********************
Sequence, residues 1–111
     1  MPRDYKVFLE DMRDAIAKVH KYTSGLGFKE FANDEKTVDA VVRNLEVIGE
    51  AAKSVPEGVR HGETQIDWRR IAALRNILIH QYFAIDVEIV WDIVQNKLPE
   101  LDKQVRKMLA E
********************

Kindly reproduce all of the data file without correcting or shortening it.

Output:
Sequence, residues 1–111
     1  MPRDYKVFLE DMRDAIAKVH KYTSGLGFKE FANDEKTVDA VVRNLEVIGE
    51  AAKSVPEGVR HGETQIDWRR IAALRNILIH QYFAIDVEIV WDIVQNKLPE
   101  LDKQVRKMLA E